[Date Prev][Date Next] [Thread Prev][Thread Next] [Date Index] [Thread Index]

General method for copying a partition

On Wed, 17 Feb 2010 11:26:43 -0600, Boyd Stephen Smith Jr. wrote:
> On Wednesday 17 February 2010 11:18:38 Stephen Powell wrote:
>> Then the files
>> are copied between partitions by means of
>>    cp -a /media/* /mnt
>> This seems to work OK except if there are "dot files" (files with names
>> beginning with a period) in the top directory of the source partition.
> Use this instead:
> cp -a /media/. /mnt
> OR
> cp -a /media/{.[!.],}* /mnt

I replied to this post earlier, but this is a follow-up because I have
discovered a flaw in the logic of the second method.  I earlier pointed
out that the second method doesn't work in ash, a Bourne shell clone
used by the Debian installer,
because ash doesn't support brace expansion.  But that is easily solved
by separating them, as you pointed out.  For example,

   cp -a /media/.[!.]* /media/* /mnt

There is of course the problem of "What happens if the pattern matches 0 files"?
But there is also another problem.  A file such as "..test" will not be copied.
The first pattern requires that the second character must exist and must
not be a period.  This eliminates "." and "..", which is desired, but it
also eliminates any file which starts with "..", such as "..test".  I was
trying to apply this technique to the problem of removing everything from a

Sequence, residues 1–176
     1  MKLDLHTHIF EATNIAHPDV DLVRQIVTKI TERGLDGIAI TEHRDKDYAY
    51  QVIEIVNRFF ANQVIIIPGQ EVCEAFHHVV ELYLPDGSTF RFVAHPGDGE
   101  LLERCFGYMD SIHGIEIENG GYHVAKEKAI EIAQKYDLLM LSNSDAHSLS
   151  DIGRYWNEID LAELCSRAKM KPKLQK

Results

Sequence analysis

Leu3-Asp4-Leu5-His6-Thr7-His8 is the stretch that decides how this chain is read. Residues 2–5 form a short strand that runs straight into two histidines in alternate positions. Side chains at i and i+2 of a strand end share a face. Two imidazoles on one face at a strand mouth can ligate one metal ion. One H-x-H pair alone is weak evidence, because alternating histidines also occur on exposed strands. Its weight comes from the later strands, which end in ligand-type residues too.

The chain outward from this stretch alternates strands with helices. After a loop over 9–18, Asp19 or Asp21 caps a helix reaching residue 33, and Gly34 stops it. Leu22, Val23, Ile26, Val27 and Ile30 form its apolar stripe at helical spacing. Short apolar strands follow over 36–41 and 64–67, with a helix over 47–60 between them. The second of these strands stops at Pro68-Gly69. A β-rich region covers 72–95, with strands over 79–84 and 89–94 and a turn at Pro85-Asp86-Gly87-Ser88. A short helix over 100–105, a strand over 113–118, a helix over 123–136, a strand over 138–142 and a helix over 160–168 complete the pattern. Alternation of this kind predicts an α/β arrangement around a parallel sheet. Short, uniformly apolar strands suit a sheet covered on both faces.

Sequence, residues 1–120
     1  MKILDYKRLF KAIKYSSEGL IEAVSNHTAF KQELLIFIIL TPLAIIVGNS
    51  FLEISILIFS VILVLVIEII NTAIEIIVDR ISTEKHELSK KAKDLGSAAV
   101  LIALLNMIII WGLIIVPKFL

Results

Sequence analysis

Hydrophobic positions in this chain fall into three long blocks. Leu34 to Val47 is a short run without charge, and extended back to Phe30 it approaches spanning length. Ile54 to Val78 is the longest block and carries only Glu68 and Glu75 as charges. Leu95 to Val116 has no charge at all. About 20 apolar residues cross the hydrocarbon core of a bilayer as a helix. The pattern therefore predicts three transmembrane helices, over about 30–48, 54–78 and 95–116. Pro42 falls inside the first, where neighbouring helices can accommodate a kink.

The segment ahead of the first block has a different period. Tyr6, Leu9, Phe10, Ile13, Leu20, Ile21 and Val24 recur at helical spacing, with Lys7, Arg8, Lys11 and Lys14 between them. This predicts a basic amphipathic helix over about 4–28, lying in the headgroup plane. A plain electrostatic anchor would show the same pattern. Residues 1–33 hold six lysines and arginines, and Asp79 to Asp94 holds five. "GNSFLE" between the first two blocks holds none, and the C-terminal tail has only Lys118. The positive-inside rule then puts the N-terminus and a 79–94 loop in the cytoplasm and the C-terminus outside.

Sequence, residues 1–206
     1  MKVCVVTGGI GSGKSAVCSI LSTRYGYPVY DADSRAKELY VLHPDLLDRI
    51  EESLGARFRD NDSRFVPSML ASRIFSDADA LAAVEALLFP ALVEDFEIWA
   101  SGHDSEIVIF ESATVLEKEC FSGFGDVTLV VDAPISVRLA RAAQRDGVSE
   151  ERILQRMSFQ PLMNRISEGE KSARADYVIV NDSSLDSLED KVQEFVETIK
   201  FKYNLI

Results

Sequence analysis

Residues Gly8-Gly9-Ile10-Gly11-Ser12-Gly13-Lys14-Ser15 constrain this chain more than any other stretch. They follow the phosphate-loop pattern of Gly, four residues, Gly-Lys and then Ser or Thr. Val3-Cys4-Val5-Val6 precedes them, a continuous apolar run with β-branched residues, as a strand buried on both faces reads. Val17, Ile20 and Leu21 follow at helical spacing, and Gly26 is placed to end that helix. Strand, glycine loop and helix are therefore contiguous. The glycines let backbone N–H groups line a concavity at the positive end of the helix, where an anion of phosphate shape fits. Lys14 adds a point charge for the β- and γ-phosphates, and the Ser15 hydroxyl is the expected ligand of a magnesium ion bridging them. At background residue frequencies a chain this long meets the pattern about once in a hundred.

directory, including all subdirectories, but not removing the directory itself.
The shell is assumed to be one that does not support the GLOBIGNORE shell
variable or brace expansion, such as ash.  What I eventually came up with was

   rm -r /x/y/* /x/y/.[!.]* /x/y/..?*

This does not solve the problem of patterns which match zero files,
which can be solved in bash by "shopt -s nullglob".  There doesn't appear
to be any equivalent for "shopt -s nullglob" in ash.  But in this context,
it doesn't matter.  An error message will be issued for a "file not found"
condition if one of the patterns does not match any files, but all files
in the directory will be erased.  I suppose something like

   if [ -f /x/y/* ];then rm -r /x/y/*;fi
   if [ -f /x/y/.[!.]* ];then rm -r /x/y/.[!.]*;fi
   if [ -f /x/y/..?* ];then rm -r /x/y/..?*;fi

would have to be used if one wanted to clean out the directory without
removing it and not produce an error message.  Or maybe

   rm -r /x/y/* /x/y/.* >/dev/null 2>/dev/null

would be simpler.  (This will produce error message about "you can't
remove . or ..", but they will be redirected to /dev/null.)  Anyway, the point
is that the pattern .[!.]* will not match all dot files except "." and "..".

Reply to: